We don’t have to tell you that the job of Investor Relations continues to get harder, not easier. As public companies face market volatility, economic uncertainty, increased activism, growing retail investment, and ongoing digital transformation, IR teams are faced with a daunting task: perform at an even higher standard in terms of accuracy and efficiency … with limited or even less resources.
What does it take for IROs to continue to thrive in this landscape, particularly when it comes to targeting high value buy-side investors?
Current Targeting Efforts Often Fall Short
We know that effective targeting is critical to find and win value-driven shareholders who are committed to our value propositions. But we also know that it’s usually a challenging, time-consuming and often manual process to do so. In fact, it leaves some IR teams struggling with effectiveness and others abandoning the process of proactive targeting all together.
An informal poll was conducted at the most recent NIRI conference. With about 100 people in the room, a panel of speakers asked IR attendees to provide insight into their targeting efforts. You might find the results surprising:
Targeting with Behavioral Analytics: A Use Case
Q4 has spent the last several months working on a solution to this principal dilemma: What would it take to make targeting easier, more efficient, and more successful for IROs?
We believe that effective use of engagement analytics data, combined with automated intelligence, is a foundational must have. To test our theory, we developed a use case detailing how one Investor Relations team used these tools to identify and win a high priority target.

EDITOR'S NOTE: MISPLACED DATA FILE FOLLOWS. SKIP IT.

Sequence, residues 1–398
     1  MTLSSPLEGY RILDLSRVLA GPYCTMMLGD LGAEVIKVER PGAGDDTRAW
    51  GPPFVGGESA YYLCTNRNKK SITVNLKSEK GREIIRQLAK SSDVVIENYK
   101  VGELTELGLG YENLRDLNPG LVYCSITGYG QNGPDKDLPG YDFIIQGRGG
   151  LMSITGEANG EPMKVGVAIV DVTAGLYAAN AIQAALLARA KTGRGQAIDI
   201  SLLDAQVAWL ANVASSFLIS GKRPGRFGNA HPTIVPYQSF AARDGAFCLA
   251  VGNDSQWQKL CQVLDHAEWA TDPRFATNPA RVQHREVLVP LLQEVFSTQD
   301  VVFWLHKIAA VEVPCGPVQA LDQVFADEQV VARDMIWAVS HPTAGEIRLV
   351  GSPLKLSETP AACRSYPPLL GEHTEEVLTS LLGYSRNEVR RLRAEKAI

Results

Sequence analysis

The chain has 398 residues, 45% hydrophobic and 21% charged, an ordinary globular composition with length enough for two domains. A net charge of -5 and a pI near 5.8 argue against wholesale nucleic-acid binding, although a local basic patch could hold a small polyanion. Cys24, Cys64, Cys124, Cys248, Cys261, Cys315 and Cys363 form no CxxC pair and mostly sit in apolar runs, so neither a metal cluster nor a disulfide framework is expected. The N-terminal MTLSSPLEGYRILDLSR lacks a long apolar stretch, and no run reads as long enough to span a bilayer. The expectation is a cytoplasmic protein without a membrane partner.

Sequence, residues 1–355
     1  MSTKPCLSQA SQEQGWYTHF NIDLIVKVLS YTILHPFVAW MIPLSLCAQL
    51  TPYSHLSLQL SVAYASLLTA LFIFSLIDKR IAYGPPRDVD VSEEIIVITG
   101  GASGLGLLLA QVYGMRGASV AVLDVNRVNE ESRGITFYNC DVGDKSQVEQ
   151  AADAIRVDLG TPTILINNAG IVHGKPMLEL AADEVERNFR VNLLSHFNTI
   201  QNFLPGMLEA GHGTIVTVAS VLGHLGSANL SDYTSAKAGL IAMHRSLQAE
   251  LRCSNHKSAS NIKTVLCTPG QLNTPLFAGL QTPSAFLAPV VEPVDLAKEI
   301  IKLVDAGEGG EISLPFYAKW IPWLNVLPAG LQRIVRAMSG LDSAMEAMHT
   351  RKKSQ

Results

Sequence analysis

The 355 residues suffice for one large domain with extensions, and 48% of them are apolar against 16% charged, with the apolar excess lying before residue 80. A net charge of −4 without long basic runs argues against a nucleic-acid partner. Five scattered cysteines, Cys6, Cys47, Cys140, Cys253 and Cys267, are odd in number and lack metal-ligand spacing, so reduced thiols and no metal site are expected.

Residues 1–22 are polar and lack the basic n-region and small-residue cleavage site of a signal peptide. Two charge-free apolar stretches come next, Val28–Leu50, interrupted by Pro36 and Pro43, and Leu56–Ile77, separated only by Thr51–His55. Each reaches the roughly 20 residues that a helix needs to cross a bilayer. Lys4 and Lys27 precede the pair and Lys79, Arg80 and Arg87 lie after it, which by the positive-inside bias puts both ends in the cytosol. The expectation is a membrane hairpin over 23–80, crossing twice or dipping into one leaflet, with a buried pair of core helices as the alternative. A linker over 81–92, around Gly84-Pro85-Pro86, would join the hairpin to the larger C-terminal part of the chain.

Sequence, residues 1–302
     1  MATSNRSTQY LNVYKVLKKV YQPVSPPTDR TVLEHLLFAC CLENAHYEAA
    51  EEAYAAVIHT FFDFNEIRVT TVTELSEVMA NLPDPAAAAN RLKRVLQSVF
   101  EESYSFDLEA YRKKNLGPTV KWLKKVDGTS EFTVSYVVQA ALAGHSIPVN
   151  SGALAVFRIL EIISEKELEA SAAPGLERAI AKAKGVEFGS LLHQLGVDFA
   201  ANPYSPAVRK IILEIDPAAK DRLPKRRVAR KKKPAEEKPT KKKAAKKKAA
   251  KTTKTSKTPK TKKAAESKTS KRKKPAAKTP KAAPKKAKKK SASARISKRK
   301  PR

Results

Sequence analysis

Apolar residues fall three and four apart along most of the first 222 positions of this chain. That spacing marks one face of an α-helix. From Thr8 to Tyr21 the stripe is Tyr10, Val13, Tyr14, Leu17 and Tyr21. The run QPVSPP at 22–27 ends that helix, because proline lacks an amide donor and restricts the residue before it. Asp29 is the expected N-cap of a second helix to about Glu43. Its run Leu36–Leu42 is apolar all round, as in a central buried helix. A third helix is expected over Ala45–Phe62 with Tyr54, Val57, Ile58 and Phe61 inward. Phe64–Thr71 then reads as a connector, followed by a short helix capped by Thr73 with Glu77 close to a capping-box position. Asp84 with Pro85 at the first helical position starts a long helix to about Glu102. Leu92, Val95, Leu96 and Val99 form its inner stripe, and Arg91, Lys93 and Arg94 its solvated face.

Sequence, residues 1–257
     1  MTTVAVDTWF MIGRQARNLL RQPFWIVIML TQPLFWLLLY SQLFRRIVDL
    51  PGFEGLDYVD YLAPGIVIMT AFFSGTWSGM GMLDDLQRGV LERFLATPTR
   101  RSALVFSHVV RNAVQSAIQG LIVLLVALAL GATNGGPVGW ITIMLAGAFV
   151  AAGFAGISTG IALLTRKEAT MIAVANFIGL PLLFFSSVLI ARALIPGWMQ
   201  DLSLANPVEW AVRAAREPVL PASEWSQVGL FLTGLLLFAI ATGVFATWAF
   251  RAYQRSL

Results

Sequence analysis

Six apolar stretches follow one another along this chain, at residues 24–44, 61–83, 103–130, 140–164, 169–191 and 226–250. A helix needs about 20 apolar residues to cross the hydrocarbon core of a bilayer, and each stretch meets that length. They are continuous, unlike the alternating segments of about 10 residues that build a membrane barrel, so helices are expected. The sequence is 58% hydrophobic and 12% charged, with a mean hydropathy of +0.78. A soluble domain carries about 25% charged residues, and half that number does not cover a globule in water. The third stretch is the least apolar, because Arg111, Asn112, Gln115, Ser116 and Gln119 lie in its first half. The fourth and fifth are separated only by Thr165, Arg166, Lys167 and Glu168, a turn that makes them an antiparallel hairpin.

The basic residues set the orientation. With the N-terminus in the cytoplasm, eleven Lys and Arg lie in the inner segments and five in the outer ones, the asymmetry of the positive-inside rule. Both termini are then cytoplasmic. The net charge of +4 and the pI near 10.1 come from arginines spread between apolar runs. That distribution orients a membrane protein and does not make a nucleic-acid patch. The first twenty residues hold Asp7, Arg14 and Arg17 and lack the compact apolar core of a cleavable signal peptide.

Sally, a fund manager, wanted to add an ESG-focused bank to her portfolio. Using engagement analytics and automated intelligence, the IR team at the bank was able to track Sally’s digital behavior and surface her (via her unique IP address) as an immediate high-value target investor with a high propensity to convert.
What’s the outcome?
After identifying Sally as a priority target, the system provided the bank’s IR team with critical details regarding Sally’s interests and preferences and suggested the most appropriate contact channels, formats, topics, and internal colleagues with which to engage her. Then:
- The Chief Sustainability Officer (CSO) of the bank reached out to Sally personally and directly, asking Sally if she’d like to meet to discuss the bank’s ESG program.
- The CSO provided Sally a link to more detailed ESG content and the results of a recent competitive ranking against ESG criteria where the bank performed well.
- Sally met with the CSO and attended the bank’s next online ESG event.
- Ultimately, Sally added the bank’s stock to her portfolio.